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Tag Archives | painted quote

How can I keep from singing?

Today’s Advent meditation is from John 12: 35-36 (You’ll have to scroll down a bit. The link isn’t quite connected on that site)

Painted Bluebird Cole Porter Quote © Jen Norton

“Be Like the Bluebird” painted quote

In today’s reading Jesus hints to his followers that he will not always walk with them on earth. Dark days are ahead and they must know the light while they have the chance. A man in darkness cannot find it’s way.

I wasn’t sure what I was going to paint for this passage until I sat down last night to watch a DVD interview I did of my grandparents back in 1988. This taped dialogue by my 22-year-old self has been sitting in a box on VHS for years. My mom recently asked me if I still had it, so I had it copied to DVD and just picked it up a few days ago. Last night was the first time I’d watched it in over 20 years. Wow. If you’ve never taken the time to ask your elders about their lives, I suggest you do it! I have footage about life in the early 1900s with only gas lighting, impressions of San Francisco in the 1950s, and my grandmother’s opinion of the change in women’s roles over the years. Mostly I realized how much of the beliefs and philosophies I hold now were shaped by these people. They no longer walk with me, but I have their light to guide me.

My painting today is of bluebirds, with a quote by American composer Cole Porter. My Grandpa Mac’s favorite bird was the bluebird. He would sit on his porch every afternoon and watch them (Grandma wasn’t so big on their screeching, however). He also loved great musicals and especially after he lost his eyesight, you would often find him in his living room listening to recordings of  Broadway numbers. A self-made man, he always believed in me. Of all my family members, his words run through my head most often.

I tried to include a clip from the video here, but alas, I do not have the skills or technology today. For now, please enjoy the quote from Cole Porter. I know my grandfather would.

Be like the bluebird who never is blue,
For he knows from his upbringing what singing can do
– Cole Porter, Be Like the Bluebird, 1934

The original art is available here.

You can also purchase reproductions here or signed greeting cards here.

In the Beginning was the Garden

Today’s reading, John 1: 1-5, was much more comforting than yesterday’s. Yesterday was all trials and tribulations. Today is about the Light that outshines darkness. Thank God.

Today, my darkness was time. I ran out. I needed more time, but I don’t have it, so I’m going to post what I have. I see things I want to edit, but I’m not going to obsess.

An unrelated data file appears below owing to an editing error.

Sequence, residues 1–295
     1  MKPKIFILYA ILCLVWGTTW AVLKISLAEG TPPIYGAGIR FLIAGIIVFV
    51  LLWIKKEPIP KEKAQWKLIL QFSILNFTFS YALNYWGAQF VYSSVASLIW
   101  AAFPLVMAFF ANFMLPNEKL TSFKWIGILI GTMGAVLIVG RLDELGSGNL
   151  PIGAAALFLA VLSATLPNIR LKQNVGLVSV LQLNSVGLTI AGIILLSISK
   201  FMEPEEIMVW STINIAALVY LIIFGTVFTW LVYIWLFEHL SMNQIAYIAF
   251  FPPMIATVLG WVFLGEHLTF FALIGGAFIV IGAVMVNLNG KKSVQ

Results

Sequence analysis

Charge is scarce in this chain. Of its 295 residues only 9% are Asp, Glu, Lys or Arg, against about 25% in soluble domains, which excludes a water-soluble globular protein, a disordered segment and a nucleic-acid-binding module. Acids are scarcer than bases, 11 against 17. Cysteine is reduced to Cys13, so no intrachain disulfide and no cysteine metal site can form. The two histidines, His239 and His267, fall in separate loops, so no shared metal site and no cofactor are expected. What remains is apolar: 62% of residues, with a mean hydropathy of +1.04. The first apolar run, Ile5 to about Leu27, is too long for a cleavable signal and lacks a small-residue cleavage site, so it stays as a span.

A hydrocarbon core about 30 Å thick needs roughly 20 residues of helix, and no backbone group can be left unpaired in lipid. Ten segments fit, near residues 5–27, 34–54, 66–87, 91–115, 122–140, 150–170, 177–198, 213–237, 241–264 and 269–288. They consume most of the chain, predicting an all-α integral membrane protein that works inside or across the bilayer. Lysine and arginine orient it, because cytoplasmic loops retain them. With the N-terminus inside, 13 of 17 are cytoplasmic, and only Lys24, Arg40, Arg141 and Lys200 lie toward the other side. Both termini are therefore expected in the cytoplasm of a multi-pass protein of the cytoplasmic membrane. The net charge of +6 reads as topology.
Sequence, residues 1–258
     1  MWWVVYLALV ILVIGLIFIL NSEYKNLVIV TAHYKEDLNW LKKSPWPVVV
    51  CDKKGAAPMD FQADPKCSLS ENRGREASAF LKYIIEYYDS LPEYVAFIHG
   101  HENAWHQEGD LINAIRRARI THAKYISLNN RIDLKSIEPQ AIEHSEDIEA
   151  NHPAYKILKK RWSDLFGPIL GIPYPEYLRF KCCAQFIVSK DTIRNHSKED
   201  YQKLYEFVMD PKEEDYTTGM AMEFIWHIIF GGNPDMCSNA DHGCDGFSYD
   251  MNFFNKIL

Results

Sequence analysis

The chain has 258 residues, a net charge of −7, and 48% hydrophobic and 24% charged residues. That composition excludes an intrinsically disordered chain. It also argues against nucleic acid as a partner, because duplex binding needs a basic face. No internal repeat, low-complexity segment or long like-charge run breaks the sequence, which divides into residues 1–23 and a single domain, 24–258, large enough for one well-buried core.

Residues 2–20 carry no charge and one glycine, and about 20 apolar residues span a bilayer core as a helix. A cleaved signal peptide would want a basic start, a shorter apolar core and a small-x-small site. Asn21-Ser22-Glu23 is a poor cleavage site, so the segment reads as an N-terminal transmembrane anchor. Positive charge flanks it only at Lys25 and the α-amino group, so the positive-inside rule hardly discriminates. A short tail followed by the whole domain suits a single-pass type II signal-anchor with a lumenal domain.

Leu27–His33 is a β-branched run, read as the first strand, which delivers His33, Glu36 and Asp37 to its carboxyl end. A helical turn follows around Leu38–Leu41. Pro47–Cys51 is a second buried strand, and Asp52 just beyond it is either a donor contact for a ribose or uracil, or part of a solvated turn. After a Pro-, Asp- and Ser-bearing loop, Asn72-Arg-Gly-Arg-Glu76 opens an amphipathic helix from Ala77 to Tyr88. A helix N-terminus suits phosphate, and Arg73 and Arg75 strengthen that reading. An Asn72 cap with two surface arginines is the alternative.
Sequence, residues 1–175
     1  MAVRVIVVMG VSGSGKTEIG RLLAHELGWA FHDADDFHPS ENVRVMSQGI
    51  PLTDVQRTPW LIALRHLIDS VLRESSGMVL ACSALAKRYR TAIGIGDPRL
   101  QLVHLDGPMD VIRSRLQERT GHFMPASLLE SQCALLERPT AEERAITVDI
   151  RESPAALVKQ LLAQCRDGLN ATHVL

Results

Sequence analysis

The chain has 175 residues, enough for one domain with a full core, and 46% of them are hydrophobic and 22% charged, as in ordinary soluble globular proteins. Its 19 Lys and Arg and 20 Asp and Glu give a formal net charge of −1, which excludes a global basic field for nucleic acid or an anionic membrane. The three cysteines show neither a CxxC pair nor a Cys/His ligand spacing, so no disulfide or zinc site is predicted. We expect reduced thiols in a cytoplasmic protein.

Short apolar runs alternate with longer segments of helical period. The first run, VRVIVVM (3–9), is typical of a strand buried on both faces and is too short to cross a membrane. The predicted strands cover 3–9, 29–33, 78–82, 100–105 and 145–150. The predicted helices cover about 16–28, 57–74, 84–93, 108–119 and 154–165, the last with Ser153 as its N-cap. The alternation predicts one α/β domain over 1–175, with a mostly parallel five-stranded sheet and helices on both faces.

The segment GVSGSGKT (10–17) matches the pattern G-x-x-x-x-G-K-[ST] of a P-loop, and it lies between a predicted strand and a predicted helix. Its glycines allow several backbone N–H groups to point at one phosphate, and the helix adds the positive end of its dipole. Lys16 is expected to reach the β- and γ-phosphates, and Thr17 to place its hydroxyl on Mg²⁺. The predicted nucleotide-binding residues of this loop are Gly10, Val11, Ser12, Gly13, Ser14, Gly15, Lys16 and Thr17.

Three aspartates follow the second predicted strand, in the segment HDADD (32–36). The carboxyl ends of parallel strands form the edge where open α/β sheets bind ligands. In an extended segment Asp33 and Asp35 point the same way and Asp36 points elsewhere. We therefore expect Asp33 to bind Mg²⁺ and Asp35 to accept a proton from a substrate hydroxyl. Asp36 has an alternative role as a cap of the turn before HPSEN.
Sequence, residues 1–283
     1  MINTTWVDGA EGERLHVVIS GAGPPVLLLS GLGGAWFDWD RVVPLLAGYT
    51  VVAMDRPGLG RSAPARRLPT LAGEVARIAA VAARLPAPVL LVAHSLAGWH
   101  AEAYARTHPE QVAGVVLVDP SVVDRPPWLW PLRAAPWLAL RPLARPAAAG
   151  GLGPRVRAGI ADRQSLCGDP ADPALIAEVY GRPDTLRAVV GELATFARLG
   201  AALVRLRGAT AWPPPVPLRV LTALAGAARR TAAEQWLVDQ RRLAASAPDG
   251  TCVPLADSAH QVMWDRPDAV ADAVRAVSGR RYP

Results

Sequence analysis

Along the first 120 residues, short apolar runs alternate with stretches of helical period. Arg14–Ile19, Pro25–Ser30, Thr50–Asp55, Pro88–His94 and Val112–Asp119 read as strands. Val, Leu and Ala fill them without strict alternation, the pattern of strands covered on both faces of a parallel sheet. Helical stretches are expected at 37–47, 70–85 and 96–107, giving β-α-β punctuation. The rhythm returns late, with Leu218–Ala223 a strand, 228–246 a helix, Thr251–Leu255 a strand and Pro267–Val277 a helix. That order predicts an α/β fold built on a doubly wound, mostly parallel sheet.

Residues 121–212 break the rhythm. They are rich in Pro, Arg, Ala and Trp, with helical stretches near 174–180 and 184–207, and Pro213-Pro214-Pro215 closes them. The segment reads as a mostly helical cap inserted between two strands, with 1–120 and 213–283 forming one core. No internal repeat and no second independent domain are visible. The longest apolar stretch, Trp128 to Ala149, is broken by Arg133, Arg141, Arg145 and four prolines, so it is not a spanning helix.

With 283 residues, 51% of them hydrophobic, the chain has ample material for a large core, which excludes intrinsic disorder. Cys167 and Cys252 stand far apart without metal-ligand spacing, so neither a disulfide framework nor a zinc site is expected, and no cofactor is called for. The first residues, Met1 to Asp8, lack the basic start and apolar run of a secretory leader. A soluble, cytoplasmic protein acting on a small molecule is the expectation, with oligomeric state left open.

Plant A Garden © Jen Norton

Plant A Garden

My daughter turned to me the other day in the car and started one of those “car conversations”. You know the ones…deep philosophical questions that hint at your kids trying to figure themselves out. She stated (in a somewhat condescending manner), “You seem like one of those people who’d be happy living in the country. Is that true?” Yes, it’s true. I notice geese flying, color shifts in the sky and leaf patterns on sidewalks. My 13-year-old just rolls her eyes. She’s all about pop culture, make-up and things that are shiny and pink. She’s always been that way. I’ve always been a nature girl. She loves to dress up. I love to stare at trees. It’s just the way we are.

I know that we both have our place in the world, as do the million different kinds of pink flowers. Or the other million kinds of yellow flowers. Creation is abundant and there is room for all. Each has its purpose. I have always found the presence of God in the patterns of repetition and variation in nature. I don’t know how the beginning began. I still can’t figure out how something could have always existed and I’ve been pondering that concept for 46 years. (I guess I’m a bit sheltered, having only lived on Earth.)

But I observe the passing of the seasons. I know that springtime, with its myriad of flowers, follows the dark winter. Simple science can explain the How. Not sure anyone can explain the Why. Except that God is an artist, and a fellow artist I know you cannot continue to create beauty unless you are loving the process of creation. He’s found a way to remind us yearly that life is a cycle. President Lincoln’s speech writer once penned a line for use in good times and bad: “This too shall pass”. Everything we know will pass away someday, but I take comfort in knowing that something that is alive in Christ will live forever. He has created a priceless work of Art and Love that will last through Eternity. Death and darkness will not overcome it. Sometimes I doubt. But then I go work in my garden and I find the truth again.

This painting turned into an abstraction, painted with a palette knife, which offers very little control. It features a quote by writer Robert Brault, used with permission. I see things I’d like to change in the composition, but hopefully the meaning will overcome its faults. I’m too close to judge, and I’m not going to obsess.

The quote reads, “Why try to explain miracles to your kids when you can just have them plant a garden?” —Robert Brault. I like this quote and will probably paint it again differently. If you’d like to buy this piece, I’m offering it for a great price here.